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JWV and TES Brotherhood to Celebrate Worcester at Historical Museum

By Laura Porter

WORCESTER – On Sunday, Feb. 26, the Temple Emanuel Sinai Brotherhood and the Irving Yarock Post #32 of the Jewish War Veterans will come together for bagels and lox at a joint breakfast program at the Worcester Historical Museum. The event has been rescheduled from December after a flood at the museum forced it to close for several weeks.

2016 marked the museum’s 140th anniversary. As part of its celebration, a special exhibit, “Worcester in 50 Objects,” tells the story of the city through the eyes of its disparate communities, both past and present.

Each of the objects, ranging from photographs and documents to menus and costumes, was chosen by a committee that sifted through the many items that followed a general call from the museum for contributions.

In total, the fifty objects capture the evolution of multi-ethnic Worcester from its industrial dominance in the nineteenth century to the “eds and meds” that are its current economic focus. Labels for each object tell the story of its particular significance in the donor’s own words.

The joint Jewish War Veterans and Brotherhood program will begin at 9:30 a.m. with a breakfast buffet, followed by a short talk by the museum’s executive director, William A. Wallace, as well as a private docent tour of the exhibit.

The Museum, which is usually closed on Sundays, has opened specifically for the two groups.

The event stemmed from the JWV’s involvement with the museum at previous programs, and Jack Reiff, Commander of Post #32 was eager to approach Bill Wallace about a program organized around the “50 Objects” exhibit.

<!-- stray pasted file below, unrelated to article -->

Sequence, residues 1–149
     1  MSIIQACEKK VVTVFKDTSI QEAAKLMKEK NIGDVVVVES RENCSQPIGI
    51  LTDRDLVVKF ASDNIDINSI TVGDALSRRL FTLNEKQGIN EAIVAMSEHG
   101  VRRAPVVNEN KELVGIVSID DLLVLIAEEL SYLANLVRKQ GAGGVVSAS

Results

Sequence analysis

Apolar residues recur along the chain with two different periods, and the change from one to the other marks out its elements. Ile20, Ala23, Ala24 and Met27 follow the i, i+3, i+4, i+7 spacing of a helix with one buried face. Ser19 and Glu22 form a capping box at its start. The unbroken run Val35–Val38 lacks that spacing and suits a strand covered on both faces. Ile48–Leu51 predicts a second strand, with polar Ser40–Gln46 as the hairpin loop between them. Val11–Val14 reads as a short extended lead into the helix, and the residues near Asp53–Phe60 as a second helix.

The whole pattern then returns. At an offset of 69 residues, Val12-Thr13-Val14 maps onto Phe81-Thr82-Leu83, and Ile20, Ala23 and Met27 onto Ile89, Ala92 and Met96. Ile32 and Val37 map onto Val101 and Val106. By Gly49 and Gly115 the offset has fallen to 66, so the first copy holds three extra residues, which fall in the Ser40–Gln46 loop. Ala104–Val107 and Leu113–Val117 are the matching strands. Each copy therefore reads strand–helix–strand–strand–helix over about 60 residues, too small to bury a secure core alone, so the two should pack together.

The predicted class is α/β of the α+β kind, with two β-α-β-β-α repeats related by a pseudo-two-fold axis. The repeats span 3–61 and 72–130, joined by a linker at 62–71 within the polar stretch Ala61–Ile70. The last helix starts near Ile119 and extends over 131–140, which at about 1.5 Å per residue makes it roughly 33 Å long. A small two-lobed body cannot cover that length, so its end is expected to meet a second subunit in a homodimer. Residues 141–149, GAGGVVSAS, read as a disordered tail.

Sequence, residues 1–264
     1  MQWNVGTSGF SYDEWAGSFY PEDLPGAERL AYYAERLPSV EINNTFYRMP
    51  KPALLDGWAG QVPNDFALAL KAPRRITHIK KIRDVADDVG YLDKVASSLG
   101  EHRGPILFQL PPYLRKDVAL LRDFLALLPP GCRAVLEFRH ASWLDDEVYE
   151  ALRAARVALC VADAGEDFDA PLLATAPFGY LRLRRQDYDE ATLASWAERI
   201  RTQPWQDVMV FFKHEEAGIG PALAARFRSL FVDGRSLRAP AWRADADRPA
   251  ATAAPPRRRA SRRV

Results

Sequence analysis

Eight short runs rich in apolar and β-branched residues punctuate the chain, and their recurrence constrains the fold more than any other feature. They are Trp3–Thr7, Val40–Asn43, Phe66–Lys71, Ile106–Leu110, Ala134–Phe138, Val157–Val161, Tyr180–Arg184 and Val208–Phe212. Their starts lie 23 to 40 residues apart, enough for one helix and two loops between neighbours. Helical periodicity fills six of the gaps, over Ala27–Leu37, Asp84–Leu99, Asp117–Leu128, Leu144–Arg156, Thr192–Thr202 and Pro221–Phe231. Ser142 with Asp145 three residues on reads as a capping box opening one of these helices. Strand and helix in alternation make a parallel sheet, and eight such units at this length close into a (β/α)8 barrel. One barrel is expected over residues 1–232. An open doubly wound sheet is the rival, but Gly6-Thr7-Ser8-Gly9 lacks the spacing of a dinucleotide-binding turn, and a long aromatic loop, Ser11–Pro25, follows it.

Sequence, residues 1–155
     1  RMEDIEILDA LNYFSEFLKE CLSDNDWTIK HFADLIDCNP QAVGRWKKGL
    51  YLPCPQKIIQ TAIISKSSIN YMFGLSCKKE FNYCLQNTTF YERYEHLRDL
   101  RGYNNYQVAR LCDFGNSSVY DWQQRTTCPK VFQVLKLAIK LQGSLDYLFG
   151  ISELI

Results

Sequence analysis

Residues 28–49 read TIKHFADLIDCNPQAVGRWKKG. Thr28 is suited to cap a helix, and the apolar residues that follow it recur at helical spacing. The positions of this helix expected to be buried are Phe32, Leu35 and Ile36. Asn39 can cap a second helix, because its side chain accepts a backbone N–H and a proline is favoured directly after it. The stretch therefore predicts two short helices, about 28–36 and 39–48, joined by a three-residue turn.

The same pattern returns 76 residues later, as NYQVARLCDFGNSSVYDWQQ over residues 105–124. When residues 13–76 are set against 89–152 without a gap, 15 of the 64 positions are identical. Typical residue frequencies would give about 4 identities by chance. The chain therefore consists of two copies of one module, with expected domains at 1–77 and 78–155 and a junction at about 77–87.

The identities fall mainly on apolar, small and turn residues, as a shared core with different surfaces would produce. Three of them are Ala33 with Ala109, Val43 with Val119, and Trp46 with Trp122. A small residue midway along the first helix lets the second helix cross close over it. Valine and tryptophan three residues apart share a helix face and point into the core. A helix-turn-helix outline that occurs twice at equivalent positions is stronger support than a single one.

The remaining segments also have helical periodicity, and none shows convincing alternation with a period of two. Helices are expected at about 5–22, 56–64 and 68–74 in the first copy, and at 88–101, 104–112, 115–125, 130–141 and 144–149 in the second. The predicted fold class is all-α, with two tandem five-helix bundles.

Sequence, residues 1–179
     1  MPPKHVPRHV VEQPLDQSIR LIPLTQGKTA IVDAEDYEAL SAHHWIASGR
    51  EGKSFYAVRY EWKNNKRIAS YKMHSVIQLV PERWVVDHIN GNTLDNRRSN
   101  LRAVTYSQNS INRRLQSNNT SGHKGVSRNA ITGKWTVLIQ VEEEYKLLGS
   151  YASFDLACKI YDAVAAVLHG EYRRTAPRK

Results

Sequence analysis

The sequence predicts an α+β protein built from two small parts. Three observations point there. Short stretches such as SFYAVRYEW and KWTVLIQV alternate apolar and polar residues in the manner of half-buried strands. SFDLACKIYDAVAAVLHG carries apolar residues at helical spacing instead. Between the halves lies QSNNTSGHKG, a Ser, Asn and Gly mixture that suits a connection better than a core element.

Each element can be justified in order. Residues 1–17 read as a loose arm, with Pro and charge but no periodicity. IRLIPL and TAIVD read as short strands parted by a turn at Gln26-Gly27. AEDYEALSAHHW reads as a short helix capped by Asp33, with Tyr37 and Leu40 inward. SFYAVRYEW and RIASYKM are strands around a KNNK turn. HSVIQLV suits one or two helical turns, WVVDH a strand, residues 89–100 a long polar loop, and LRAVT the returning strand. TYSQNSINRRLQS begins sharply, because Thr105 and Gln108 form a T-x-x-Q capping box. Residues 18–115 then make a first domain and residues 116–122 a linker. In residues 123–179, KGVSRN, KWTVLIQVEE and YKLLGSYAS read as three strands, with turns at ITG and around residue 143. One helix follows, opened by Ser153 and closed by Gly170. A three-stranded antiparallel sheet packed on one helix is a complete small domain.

“We are trying to promote Worcester as well as what’s going on in the area and our own activities,” he says.

They are also interested in maintaining relationships among organizations in the Greater Worcester Jewish community.

“All of our groups are getting smaller,” Reiff continues. “We’re calling up other groups to do combined events in the area.”

To that end, he approached the Brotherhoods at both Temple Emanuel Sinai and Congregation Beth Israel about visiting the historical museum. Most of the war veterans are members of one group or the other.

David Bunker, who is president of the TES Brotherhood, believes that the program will appeal to everyone.

“There are people from both the Brotherhood and from Jewish War Veterans who live in other communities other than Worcester, but everyone has a feeling that Worcester has been an important part of lives,” he says. “It’s going to be fascinating to see how 50 objects interpret the city.”

The breakfast will be a paid-up member breakfast for both the Brotherhood and the JWV. There will be no charge for paid up members of both organizations; non-paid up members and guests pay five dollars.

At press, about 50 people were expected to attend. Brotherhood has 87 paid-up members, both men and women, including 26 spouses. There are 120 veterans at the Irving Yarock post, with 30-40 active participants; a Women’s Auxiliary includes both female veterans as well as the wives of fallen veterans.

The post has regular events, aiming for active, stimulating programs geared to draw interest and attendance. Many of the veterans are older, and a particular focus has been on an annual program dedicated to World War II veterans. Locally based programs such as the upcoming breakfast make it possible for members of all ages and abilities to participate.

“If anyone knows of a vet – on active duty, retired, or if someone is connected to a vet in the family – we would love to have them contact us so they can become a member of the Jewish War Veterans,” says Jack Reiff.

There is limited seating for the breakfast on Feb. 26, so people are urged to RSVP as soon as possible. Brotherhood members should respond to David Bunker at by Feb. 22. Members of the Jewish War Veterans can contact Jack Reiff at The Worcester Historical Museum does have a handicapped entrance in the back with an elevator, but advanced notice is required.

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